What is a Micron?
Microns are used by manufacturers, OEMs, and MSPs to discuss tolerances and capabilities. But how long have we been using the term, and how small are they actually?
The term micron is everywhere in modern metrology. Manufacturers face tolerance demands in the microns; MSPs and OEMs promise accuracies within a few microns; and it’s even become the namesake of some computer and medical device companies. Micron is a very popular buzzword, but how long have we been using the micron as a guideline, what is a micron, and just how small is it?
Micron is actually short for micrometer, which is the official unit of measurement. Micron was accepted as shorthand for micrometer in 1879 along with the symbol μ. The name and symbol, however, were revoked by the International System of Units in 1967. While the μ symbol has been abandoned in favor of μm, the micron itself has remained in use colloquially and officially in various industries since. In America, this is primarily to avoid confusion between micrometer and micrometer, the measuring instrument, in written language.
Put simply, a micron is one millionth of a meter, or .000001 meters. It can also be expressed as a thousandth of a millimeter or 39 millionths of an inch. There are plenty of size comparisons that can be found online, like this chart that shows how a micron is smaller than even bacteria, which are typically about 5 microns. As you can see, microns are well below the limit of visibility, which means that some of the tolerances being measured in today’s manufacturing are too small to be seen by the human eye.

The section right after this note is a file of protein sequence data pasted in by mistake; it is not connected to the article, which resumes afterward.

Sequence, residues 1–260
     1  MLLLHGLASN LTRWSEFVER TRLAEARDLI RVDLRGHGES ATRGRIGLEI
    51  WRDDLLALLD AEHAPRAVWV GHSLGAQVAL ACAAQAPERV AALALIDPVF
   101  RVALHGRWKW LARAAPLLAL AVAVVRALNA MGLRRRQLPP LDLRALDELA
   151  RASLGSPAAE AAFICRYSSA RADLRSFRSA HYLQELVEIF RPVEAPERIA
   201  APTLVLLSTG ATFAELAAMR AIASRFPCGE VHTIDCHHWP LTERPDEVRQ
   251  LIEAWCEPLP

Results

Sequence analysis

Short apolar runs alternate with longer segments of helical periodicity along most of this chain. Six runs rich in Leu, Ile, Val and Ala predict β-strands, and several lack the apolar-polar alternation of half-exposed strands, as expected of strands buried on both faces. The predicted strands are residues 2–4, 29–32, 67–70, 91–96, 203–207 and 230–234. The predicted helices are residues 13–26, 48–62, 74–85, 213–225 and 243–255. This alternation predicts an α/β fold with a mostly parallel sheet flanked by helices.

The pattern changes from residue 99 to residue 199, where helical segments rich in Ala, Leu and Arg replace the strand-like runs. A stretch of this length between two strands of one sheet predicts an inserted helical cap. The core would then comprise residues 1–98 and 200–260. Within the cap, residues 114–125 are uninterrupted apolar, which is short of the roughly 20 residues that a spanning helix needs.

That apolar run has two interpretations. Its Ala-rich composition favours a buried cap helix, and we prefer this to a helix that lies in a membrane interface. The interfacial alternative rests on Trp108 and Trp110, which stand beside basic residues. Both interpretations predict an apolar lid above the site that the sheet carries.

Like the chart shows, even a hair is 50-100 times the size of a micron. Meaning for measurements that call for 25 micron accuracy, we’re literally splitting hairs.
Blade-Tech, Manufacturing Skate Blades.
Jeff: We manufacture our skate blades to .115in. We have a tolerance of +/- .001, so we can make the blades to .114 or .116in. Although, this tolerance may be different from other industries like Aerospace or Automotive, where they’re looking at things in the microns, this tolerance of ours of .115 +/- .001 is important and works well for the skating world.
Daniel: And the top sides of the blades are manufactured to equally challenging standards, as they’re designed to be changed rapidly in-game.
Jeff: That’s correct. So, when the blade is going to go up and into the holder, if we’re out of tolerance on the high side, where the blade is too thick or too large, it’s going to be a problem getting it up and in, and take a longer time to get it out; it could jam. On the other side, if the blade is too thin, or under tolerance, on the low side, it’ll go in the holder easily, but there might be too much room in there, and some lateral side slop and the blade can rattle around. And that’s not good either, because then our players are losing performance, efficiency, and power, and they’re not getting that reliability that they need. So, sticking to this tolerance, making sure that we manufacture to our CAD models and be consistent is what we need to do to provide our players the best performance.
Other industries require much tighter tolerances, however, from parts as large as airplane wings or as small as medical implant devices. The dimensions and features of these parts must all be manufactured accurately within a few microns. And just as importantly, the inspection processes on these parts must be accurate to those same demands, to ensure the models and machines producing the parts are accurate and repeatable across multiple runs of the same part. Laser Trackers, Laser-line scanners, and Coordinate Measuring Machines (CMM)s are just some of the methods for high precision inspection in modern manufacturing,
Behind the scenes.
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